Rabbits have fragile stomachs, which can surely be upset by either too much sugar, water, or overfeeding on vegetables. Your pet rabbit should be monitored for soft, watery stool as an indication that allows you to cut back and adjust your rabbit’s diet accordingly.

Rabbits can consume celery safely as part of a healthy diet if fed in moderation.

Feeding Guidelines: Celery for Rabbits

How much and how often

Hay and leafy greens are the most crucial part of your rabbit’s diet, as well as vegetables. Celery contains many of the nutrients that your rabbit requires and makes for a good choice, but not in excess, though, as previously mentioned in this article.

One small piece of celery per day is more than sufficient, as it should not be eaten in excess.

A general recommendation is 3 inch celery stick daily. 

How to prepare celery for your rabbit

1. Choose organic celery if you have the option. If possible, you should purchase organic celery to avoid harmful pesticides, which, according to the Journal of Entomology and Zoology Studies, can be dangerous to rabbits. Pesticides can result in acute neurological damage if excessively ingested.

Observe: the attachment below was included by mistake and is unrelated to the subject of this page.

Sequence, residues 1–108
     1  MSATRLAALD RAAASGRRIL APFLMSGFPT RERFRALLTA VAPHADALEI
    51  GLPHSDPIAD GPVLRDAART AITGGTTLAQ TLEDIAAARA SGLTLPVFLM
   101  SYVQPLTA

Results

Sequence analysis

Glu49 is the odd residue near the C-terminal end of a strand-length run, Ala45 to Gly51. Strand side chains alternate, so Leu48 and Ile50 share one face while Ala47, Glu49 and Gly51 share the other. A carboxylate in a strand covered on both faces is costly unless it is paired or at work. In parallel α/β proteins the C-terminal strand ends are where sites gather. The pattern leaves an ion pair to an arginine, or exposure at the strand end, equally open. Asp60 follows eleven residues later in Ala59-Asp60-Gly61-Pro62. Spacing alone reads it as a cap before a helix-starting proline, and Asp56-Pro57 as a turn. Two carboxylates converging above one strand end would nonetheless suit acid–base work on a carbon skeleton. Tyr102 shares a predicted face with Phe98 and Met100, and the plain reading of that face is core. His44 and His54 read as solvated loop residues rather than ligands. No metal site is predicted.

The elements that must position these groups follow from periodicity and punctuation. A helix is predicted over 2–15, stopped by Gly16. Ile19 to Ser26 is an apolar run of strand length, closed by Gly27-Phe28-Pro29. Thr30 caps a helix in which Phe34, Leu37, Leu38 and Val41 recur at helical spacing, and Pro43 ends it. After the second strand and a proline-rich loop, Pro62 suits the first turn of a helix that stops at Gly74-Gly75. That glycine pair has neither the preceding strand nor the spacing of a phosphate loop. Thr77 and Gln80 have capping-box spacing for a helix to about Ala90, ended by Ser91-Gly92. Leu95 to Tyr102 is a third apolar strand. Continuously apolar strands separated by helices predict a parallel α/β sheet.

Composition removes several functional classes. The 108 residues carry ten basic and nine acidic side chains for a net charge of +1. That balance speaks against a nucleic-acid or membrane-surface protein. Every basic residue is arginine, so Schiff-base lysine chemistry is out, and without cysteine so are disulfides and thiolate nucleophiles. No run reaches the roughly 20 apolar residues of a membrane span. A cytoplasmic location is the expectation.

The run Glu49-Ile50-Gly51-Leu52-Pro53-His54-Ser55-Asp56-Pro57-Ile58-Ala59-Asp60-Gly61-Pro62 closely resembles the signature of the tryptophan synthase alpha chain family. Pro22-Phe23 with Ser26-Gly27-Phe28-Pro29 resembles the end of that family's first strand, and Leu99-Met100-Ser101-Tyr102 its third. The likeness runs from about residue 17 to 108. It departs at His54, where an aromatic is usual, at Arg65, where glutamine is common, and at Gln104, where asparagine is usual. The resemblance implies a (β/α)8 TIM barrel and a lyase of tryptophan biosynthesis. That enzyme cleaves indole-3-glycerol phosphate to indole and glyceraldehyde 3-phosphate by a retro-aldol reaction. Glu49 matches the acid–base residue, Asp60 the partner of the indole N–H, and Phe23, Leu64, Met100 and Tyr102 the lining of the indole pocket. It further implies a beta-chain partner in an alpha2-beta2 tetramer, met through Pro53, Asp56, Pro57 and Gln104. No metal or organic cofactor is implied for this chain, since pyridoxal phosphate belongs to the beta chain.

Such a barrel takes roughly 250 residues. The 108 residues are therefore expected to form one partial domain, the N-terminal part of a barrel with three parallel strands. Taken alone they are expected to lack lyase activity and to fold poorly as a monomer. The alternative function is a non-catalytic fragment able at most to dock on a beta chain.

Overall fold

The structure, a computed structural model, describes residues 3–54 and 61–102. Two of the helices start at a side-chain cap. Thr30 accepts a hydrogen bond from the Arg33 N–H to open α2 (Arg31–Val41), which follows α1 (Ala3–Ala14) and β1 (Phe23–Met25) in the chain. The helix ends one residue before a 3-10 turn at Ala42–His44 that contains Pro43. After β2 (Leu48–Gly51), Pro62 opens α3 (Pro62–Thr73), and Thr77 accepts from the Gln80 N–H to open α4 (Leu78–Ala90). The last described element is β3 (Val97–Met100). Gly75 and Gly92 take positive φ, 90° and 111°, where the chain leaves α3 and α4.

Rather spend extra in sourcing organic celery to make sure that your pet rabbit is not being exposed and potentially suffering from any damage, which can be avoided.

2. Start by washing. Celery should be washed thoroughly and rinsed with clean water before preparing for chopping.

3. Chop into small pieces. Long celery strings may cause digestive problems and should, therefore, be sliced into small pieces for your rabbit. Once your celery is properly cleaned, 3in stick of celery can be chopped up into half-inch pieces to ensure that celery strings don’t cause your rabbit any health issues.

4. Introduce slowly. If this is your rabbit’s first time eating celery, you should introduce it slowly by offering only a small piece of celery. If your rabbit experiences no digestive issues, you may provide a bit more after a few days.

If you notice any issues, consult your vet.

celery leaves and stalk

Nutrition Facts

Let’s take a look at some of the nutrients present in celery:

The nutrients in a bunny-sized stalk of celery (17 grams) are as follows:

  • Calories: 2.7
  • Protein: 0.1 grams
  • Fiber: 0.3 grams
  • Carbohydrates: 0.6 grams

Now, let’s have a look at some of the major vitamins and minerals as well as how your rabbit can benefit from them:

Celery contains nutrients such as vitamin C, A, B6, iron, and fiber, which are essential for rabbits.

Vitamins are imperative for rabbits as they cannot make their own; they need to obtain their vitamins from their diet and fecal bacteria found in cecotropes (special bunny poop). Vitamins are required for proper body function, but too much of these important nutrients can be a risk as well.